The Future of Audio Speakers and Sound
If you love sound and music, then you know that the quality of the speaker is one of the main factors that determine the quality of the sound. Speakers have not seem to change as much as other things in our lives, such as computers and cell phones, but are they unchanging? To find out, you can explore the latest patents awarded in the important area of sound speakers. Foreign inventors and foreign countries are the most common winners of patients, especially from Asian countries. This was not only true of utility patents, which cover improvements in speakers, but also for design patents, which cover the artistic designs of speaker cabinets.
A quick overview of waterproof speaker structure helps to see where the latest innovations are being made. The sound producing mechanism of speaker is held in place by a frame. The frame consists of: a basket, a soft donut shaped gasket, and two plates that carry the load of the magnet. There are seven components of this mechanism. These elements are: the magnet, the metal core, a voice coil wrapped around a light weight bobbin, the cone or diaphragm. The voice coil and cone/diaphragm are a unitary assembly and held in position by a speaker surround and the spider (also known as a damper). When current flows through the voice coil, it is pushed forward by electromagnetic force.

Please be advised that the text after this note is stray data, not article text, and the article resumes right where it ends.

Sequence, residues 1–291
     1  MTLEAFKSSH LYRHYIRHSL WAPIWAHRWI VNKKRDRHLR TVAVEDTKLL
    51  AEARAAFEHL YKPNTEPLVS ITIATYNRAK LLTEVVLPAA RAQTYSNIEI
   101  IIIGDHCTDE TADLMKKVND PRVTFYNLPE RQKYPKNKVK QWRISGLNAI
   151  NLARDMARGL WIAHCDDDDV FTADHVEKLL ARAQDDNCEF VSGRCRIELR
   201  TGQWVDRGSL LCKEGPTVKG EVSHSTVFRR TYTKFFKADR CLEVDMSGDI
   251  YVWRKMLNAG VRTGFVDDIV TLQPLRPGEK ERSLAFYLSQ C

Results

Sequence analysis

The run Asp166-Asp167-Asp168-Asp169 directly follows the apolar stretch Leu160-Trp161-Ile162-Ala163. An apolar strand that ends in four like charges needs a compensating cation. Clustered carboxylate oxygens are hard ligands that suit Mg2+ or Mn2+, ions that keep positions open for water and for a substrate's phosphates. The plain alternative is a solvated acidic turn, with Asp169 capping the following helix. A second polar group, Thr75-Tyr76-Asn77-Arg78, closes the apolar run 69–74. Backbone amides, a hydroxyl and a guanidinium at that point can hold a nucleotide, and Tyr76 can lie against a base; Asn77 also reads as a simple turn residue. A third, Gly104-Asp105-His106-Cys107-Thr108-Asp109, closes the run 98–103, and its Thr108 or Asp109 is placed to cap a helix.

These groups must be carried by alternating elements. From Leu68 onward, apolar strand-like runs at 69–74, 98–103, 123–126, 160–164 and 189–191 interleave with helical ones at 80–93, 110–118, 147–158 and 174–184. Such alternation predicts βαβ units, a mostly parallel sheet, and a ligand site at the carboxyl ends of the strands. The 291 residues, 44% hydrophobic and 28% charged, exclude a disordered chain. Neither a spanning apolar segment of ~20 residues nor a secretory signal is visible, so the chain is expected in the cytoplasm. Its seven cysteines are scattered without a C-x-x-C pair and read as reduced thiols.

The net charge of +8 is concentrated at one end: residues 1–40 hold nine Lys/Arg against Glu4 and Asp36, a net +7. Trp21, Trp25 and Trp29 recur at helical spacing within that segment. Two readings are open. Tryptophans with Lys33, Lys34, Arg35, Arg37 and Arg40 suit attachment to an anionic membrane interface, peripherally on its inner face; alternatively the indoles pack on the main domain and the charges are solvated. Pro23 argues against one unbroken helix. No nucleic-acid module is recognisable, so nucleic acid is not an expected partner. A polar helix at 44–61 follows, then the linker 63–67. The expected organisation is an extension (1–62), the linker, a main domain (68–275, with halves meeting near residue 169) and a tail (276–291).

Out of the 27 utility patents in the past 18 months, the greatest number belong to the voice coil, which has 8. The component with the next most innovation is the cone (also called a diaphragm), which has 6. The third is the spider (also called a damper) with 4 innovations. Followed by these are the basket (2), magnet (2), gasket (1), horn (1), and surround (1). A patent was even issued for a new type of dust cap (1) that disperses pressure waves with less interference. The dominance of voice coil patents might just be evidence that this is the critical point because this is where electrical energy is converted into mechanical energy for the purpose of pushing air.
In addition to innovations that focused on components, there were 10 utility patents that involved major restructuring of the speaker. Examples of this include the use of bar magnets or voice coils embedded in the cone. In fact, the majority of innovations involving overall speaker structure were for flatter speakers. A massive research and engineering effort spent on creating flat speakers was a clear other trend in the past 18 months. This all points to one thing: the speaker of the future is going to be flat. At least that is what the manufacturers think. This is likely to be based on market research that shows customers vying for flat speakers to go along with their flat panel TVs.
An example of an innovation in flat speakers comes from a patent by Sony. This design produces a speaker that can be 5 ft tall, 3 ft wide, and where the sound is generated by vibration motors that push a non porous fabric. There is no voice coil and no cone. The Sony patent includes the uses of rack and pinion gears to adjust the location of the vibration on the fabric for optimal sound. We all want our flat panel TVs, and in the future, we may all want our flat panel speakers, too.